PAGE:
the federal level. and to be deemed structurally deficient, the recommendation is that they should be rehabilitated or replaced. doesn't necessarily mean they're unsafe to drive on, but they need to be repaired. d functionally obsolete, that's when, again, not an unsafe design, but they're an outdated model, an older bridge. bridges built during the eisenhower era. so, they don't meet current >> american legion commander dan linger will discuss allegations of mismanagement. former u.s. ambassador to ukraine it talks about ukraine's
elections and continued unrest. and an examination of obama management style. and we'll take your calls and you can join the conversation at facebook and twitter. washington journal on c-span. >> in the weekly addresses, president obama paid tribute to those who have given their lives to this country. will schuster gave the republican -- bill shuster gave the republican address. >> hi, everybody. it's memorial day weekend. a chance for americans to get together with family and friends, break out the grill, and kick off the unofficial start of summer. more importantly, it's a time to remember the heroes whose sacrifices made these moments possible -- our men and women in uniform who gave their lives to keep our nation safe and free.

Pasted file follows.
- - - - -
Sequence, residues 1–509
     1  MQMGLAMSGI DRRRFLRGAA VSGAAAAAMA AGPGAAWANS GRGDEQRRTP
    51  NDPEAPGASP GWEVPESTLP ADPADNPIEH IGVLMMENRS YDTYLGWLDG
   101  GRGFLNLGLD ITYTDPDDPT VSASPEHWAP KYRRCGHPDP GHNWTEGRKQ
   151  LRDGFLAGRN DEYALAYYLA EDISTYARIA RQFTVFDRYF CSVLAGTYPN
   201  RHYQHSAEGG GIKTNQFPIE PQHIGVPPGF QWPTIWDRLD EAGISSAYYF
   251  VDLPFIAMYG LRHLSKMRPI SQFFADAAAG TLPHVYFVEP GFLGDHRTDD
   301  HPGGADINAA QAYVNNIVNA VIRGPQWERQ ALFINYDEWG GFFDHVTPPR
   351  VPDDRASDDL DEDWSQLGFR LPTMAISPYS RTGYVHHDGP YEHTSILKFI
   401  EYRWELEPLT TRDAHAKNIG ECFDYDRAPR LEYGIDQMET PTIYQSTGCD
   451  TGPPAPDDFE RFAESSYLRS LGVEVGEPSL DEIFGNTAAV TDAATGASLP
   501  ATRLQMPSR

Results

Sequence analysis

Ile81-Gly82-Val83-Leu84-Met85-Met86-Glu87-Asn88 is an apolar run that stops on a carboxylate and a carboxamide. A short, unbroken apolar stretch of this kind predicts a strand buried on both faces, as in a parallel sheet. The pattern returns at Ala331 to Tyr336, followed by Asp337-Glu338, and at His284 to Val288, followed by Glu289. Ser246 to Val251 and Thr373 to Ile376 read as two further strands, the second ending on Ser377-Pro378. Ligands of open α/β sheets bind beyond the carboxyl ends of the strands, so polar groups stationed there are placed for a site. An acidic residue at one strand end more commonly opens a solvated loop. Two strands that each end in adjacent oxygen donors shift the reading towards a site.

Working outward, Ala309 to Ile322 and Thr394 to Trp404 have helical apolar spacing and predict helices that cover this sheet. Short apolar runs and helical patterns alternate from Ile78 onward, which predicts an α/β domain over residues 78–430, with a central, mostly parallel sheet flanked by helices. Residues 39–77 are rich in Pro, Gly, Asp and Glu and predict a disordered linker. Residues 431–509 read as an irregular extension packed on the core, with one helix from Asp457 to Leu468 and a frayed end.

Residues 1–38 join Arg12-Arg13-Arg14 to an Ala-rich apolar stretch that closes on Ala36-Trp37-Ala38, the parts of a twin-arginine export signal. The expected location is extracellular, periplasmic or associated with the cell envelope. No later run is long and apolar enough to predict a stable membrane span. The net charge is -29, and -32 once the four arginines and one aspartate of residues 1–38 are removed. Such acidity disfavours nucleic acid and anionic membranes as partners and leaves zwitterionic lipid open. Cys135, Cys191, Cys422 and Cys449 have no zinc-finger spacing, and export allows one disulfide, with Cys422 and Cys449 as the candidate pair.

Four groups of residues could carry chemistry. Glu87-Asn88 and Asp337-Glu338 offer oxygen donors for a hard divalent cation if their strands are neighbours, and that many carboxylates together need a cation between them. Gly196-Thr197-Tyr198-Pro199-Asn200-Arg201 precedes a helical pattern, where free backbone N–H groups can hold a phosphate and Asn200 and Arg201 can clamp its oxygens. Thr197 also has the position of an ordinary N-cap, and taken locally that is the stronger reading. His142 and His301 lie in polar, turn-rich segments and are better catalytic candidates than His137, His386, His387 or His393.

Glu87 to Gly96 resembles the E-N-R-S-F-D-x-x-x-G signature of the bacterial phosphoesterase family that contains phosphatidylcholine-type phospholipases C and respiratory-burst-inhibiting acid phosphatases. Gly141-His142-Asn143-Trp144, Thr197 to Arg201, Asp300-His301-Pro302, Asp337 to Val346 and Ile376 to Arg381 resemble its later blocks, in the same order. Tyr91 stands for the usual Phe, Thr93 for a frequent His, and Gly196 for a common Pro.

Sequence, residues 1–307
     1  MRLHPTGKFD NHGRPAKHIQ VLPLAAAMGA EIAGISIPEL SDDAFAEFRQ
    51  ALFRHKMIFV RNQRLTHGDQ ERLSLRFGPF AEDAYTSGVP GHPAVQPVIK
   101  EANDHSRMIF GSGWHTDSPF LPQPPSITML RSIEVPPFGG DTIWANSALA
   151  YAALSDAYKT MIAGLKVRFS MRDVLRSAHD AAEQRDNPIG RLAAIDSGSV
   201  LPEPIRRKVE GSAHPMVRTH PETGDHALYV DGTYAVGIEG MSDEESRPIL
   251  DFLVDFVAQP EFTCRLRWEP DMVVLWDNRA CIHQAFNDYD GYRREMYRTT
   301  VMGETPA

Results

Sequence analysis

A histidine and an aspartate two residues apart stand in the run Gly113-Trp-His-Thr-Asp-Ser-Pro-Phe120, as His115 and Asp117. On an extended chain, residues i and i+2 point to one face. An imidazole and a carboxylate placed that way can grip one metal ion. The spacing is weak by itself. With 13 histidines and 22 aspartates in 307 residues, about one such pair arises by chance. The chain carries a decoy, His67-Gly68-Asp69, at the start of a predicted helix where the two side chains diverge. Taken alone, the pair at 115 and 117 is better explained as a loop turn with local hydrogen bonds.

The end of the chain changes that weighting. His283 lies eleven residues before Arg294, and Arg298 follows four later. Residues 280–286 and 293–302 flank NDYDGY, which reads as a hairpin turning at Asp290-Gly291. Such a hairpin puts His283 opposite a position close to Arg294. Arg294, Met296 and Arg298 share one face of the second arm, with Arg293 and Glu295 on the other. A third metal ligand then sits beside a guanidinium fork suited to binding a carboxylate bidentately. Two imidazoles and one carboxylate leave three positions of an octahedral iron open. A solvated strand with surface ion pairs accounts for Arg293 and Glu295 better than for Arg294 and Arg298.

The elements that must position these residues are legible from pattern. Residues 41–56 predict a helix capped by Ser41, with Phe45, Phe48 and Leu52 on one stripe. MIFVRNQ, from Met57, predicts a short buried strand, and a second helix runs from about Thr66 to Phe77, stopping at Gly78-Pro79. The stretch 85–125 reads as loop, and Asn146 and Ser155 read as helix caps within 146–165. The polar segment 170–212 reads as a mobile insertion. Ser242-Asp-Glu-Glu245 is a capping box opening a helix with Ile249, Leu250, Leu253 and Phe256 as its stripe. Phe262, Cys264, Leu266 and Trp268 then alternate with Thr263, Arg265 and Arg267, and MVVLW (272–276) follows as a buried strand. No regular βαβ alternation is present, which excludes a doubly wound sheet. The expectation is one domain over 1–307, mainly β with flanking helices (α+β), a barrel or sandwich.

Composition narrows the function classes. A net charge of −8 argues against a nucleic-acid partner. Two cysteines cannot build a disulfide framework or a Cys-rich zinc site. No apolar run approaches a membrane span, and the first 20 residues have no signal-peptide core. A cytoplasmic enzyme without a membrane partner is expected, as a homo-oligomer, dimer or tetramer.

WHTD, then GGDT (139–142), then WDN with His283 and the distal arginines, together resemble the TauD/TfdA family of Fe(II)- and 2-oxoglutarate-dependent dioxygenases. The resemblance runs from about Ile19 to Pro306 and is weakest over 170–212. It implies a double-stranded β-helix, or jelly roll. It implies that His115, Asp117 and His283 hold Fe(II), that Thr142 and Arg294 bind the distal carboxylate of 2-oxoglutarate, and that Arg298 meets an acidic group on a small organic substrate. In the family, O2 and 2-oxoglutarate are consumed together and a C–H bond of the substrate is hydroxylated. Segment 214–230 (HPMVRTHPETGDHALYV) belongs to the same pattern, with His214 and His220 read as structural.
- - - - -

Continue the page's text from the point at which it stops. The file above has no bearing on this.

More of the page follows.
from those shots fired at lexington and concord more than two centuries ago to our newest generation of veterans of the wars in iraq and afghanistan, our history shines with patriots who answered the call to serve. they put their lives on the line to defend the country they loved. and in the end, many gave that "last full measure of devotion" so that our nation would endure. every single one of us owes our fallen heroes a profound debt of gratitude. because every time we cast our votes or speak our minds without fear, it's because they fought for our right to do that. every chance we get to make a better life for ourselves and our families is possible because generations of patriots fought to keep america a land of opportunity, where anyone -- of any race, any religion, from any background, can make it if they try. our country was born out of a desire to be free, and every day